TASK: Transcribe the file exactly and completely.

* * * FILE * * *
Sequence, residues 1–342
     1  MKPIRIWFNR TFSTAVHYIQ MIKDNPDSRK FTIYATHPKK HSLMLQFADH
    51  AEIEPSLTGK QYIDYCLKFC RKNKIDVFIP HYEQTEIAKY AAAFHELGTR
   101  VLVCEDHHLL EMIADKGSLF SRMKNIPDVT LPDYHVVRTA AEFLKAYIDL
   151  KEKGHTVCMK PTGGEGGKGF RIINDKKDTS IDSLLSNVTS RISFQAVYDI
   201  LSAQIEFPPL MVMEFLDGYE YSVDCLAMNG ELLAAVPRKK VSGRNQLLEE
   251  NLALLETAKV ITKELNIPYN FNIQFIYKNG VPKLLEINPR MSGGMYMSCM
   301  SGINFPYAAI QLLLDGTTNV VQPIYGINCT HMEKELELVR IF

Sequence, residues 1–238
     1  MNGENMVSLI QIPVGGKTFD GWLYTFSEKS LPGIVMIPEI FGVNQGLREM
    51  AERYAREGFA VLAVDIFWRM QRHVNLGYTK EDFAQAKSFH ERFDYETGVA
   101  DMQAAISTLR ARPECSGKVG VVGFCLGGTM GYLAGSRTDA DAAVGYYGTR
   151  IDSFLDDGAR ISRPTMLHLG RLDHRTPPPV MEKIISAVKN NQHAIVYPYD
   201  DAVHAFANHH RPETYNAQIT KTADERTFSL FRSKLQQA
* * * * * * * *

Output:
Sequence, residues 1–342
     1  MKPIRIWFNR TFSTAVHYIQ MIKDNPDSRK FTIYATHPKK HSLMLQFADH
    51  AEIEPSLTGK QYIDYCLKFC RKNKIDVFIP HYEQTEIAKY AAAFHELGTR
   101  VLVCEDHHLL EMIADKGSLF SRMKNIPDVT LPDYHVVRTA AEFLKAYIDL
   151  KEKGHTVCMK PTGGEGGKGF RIINDKKDTS IDSLLSNVTS RISFQAVYDI
   201  LSAQIEFPPL MVMEFLDGYE YSVDCLAMNG ELLAAVPRKK VSGRNQLLEE
   251  NLALLETAKV ITKELNIPYN FNIQFIYKNG VPKLLEINPR MSGGMYMSCM
   301  SGINFPYAAI QLLLDGTTNV VQPIYGINCT HMEKELELVR IF

Sequence, residues 1–238
     1  MNGENMVSLI QIPVGGKTFD GWLYTFSEKS LPGIVMIPEI FGVNQGLREM
    51  AERYAREGFA VLAVDIFWRM QRHVNLGYTK EDFAQAKSFH ERFDYETGVA
   101  DMQAAISTLR ARPECSGKVG VVGFCLGGTM GYLAGSRTDA DAAVGYYGTR
   151  IDSFLDDGAR ISRPTMLHLG RLDHRTPPPV MEKIISAVKN NQHAIVYPYD
   201  DAVHAFANHH RPETYNAQIT KTADERTFSL FRSKLQQA